With threats to livestock growing at an alarming rate, producers and breeders need to be proactive with their risk management and insurance decisions. The benefits of having fit for purpose livestock policies (and the types of cover industry operators can provide) should seriously be considered by those looking to protect their business.
What is livestock insurance?
Livestock insurance can cover both individual animals and entire herds against risks including illness and disease, theft, business interruption, damage, injury and mortality. Having a policy in place means should the worse happen, the financial impact is less devastating.
What are the benefits of livestock insurance?
1) Financial protection and risk Management
Insurance is the primary vehicle for businesses to transfer financial risk. Prudent livestock producers and breeders have always recognised the importance of covering their stock. However, where previously their property insurance (despite not always being fit for purpose) would pick up the livestock element of their operation, this is now no longer the case.
Since the onset of COVID-19 and the now-endemic spread of Avian Influenza, property underwriters have elected to remove this cover due to a lack of understanding of disease in general. Unfortunately, the perils producers and breeders face have only grown more severe since that time.
There is a solution: the livestock insurance market offers a wider breadth of coverage should something go wrong. Specialist underwriters have extensive knowledge of the problems surrounding livestock production and breeding, as well as a greater understanding of the claims that present themselves.
In the ever more common event that a producer is required to slaughter their animals due to disease outbreak, this insurance is their lifeline. Avian Influenza, African Swine Fever and many more have led to devastating consequences for farmers and breeders worldwide. Being told to destroy your livelihood is something no one should have to face.
Livestock insurance gives the policyholder peace of mind that should something happen to their animal(s), whether it be the above scenario, a destructive weather event, theft, accidental death, death from heat stress or from sickness, then they will be thoroughly compensated.
2) Business continuity
There is also concern of business continuity costs (such as staff salaries and outstanding bills). A number of larger livestock producers find that having business interruption coverage, either attached to their livestock policy or on a standalone basis, has increased value given the nature of their operation.
Engineering this type of policy does not have to be a difficult process either – simply calculate what the operating costs are per animal, then apply an agreeable uplift in value (e.g. 30%) to cover these additional costs. Insurers can look at a higher percentage, as long as it can be justified. Another solution provided by the livestock insurance market.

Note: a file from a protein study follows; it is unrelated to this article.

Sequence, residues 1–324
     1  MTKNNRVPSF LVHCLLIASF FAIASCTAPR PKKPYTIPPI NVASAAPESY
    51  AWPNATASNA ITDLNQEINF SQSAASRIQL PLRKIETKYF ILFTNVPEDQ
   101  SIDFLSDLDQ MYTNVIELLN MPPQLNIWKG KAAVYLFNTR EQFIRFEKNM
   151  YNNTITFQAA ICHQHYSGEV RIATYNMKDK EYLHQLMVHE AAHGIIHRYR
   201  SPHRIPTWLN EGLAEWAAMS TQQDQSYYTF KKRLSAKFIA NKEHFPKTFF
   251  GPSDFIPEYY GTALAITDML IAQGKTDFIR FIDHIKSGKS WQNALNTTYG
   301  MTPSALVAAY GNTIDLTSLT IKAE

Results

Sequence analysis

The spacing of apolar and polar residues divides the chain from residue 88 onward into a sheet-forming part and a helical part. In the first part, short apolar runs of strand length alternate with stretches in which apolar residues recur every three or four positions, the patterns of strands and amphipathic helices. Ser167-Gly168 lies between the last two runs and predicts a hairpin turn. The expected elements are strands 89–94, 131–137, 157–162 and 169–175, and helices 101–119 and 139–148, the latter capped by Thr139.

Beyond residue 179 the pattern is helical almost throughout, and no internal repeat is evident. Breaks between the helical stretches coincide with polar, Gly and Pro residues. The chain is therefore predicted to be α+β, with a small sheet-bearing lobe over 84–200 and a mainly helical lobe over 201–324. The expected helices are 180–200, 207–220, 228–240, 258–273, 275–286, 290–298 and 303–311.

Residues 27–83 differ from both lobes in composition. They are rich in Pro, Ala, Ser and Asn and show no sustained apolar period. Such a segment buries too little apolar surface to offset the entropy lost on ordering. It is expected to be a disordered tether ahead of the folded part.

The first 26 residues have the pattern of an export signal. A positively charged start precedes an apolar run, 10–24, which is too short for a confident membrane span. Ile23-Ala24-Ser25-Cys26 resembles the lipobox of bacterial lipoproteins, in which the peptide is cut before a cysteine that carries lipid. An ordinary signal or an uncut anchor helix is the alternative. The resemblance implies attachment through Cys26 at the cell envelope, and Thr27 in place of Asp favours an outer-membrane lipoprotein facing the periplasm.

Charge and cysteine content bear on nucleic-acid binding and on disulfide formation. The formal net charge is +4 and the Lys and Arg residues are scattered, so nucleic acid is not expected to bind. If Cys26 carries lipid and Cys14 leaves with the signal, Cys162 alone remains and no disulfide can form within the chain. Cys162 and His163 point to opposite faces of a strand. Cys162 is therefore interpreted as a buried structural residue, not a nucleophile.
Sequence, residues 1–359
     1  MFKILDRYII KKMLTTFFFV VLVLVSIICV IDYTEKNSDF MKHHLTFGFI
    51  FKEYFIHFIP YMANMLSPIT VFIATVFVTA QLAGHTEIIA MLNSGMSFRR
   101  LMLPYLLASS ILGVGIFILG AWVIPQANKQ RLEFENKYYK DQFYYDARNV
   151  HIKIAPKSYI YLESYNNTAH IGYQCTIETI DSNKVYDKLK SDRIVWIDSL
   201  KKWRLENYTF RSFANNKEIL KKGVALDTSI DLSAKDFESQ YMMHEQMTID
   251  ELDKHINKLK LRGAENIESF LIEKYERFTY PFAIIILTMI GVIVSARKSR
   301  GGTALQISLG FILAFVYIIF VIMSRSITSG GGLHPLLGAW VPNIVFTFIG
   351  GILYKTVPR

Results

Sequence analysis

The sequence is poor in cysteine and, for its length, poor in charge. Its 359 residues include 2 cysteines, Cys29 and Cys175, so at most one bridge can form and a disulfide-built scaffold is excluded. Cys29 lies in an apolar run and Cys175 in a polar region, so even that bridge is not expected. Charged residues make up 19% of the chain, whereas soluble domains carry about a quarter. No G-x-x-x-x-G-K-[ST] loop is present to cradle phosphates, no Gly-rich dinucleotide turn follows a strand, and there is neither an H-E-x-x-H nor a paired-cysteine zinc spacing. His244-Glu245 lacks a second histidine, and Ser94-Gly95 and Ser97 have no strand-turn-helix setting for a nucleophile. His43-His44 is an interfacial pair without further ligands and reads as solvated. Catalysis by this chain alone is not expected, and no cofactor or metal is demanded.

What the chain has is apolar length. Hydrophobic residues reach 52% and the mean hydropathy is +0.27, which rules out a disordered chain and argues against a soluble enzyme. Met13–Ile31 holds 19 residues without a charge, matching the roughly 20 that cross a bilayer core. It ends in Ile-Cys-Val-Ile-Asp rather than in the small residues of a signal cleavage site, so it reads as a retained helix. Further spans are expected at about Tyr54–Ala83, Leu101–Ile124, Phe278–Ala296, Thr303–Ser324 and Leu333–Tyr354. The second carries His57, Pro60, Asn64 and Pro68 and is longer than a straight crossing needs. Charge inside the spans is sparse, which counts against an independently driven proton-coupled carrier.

3) Access to credit
Owning livestock insurance comes with the additional benefit of extending producers’ and breeders’ access to credit facilities. Lenders take a positive view on businesses with sufficient risk mitigation measures, meaning it will be easier for farmers to secure loans or credit lines for their business-related activities should they have livestock insurance in place. Once you have access, certain financing platforms can provide further assistance when it comes to matters like replacing stock or locating veterinary services.
Types of livestock cover
Having looked at the reasons why producers and breeders may want to take out livestock insurance, it is important to know what sort of cover is available and how premiums may vary. The most basic form of livestock insurance is Restricted Perils (RP) coverage. This covers ‘Act of God’ events such as fire, lightning, wind, drought, hail, etc. Typically, this will be the cheapest form of coverage available and often acts as the base before adding more bespoke covers onto the policy (e.g. heat stress, power interruption & equipment breakdown). The more comprehensive cover is All Risks of Mortality (ARM), which includes the perils in an RP policy, as well as accidental death, a number of diseases and in some cases heat stress.
Diseases that are notifiable to the World Organization of Animal Health require their own coverage extensions. This would include the likes of African Swine Fever and Bovine Tuberculosis. As for Avian Influenza, the current landscape has made sourcing coverage a difficult task – insurers can still be persuaded to add this, but it will be packaged up with either an RP or ARM policy.
Here to help
Covid-19 highlighted the devastation of not having pandemic insurance in place; those operating in the livestock industry need to heed the warnings and take action now to ensure they are not exposed to similarly disastrous scenarios. Miller has one of the only dedicated livestock teams in the London market and as true specialists in our field, we are here to ensure you secure the right levels and type of cover to prevent the worse from happening.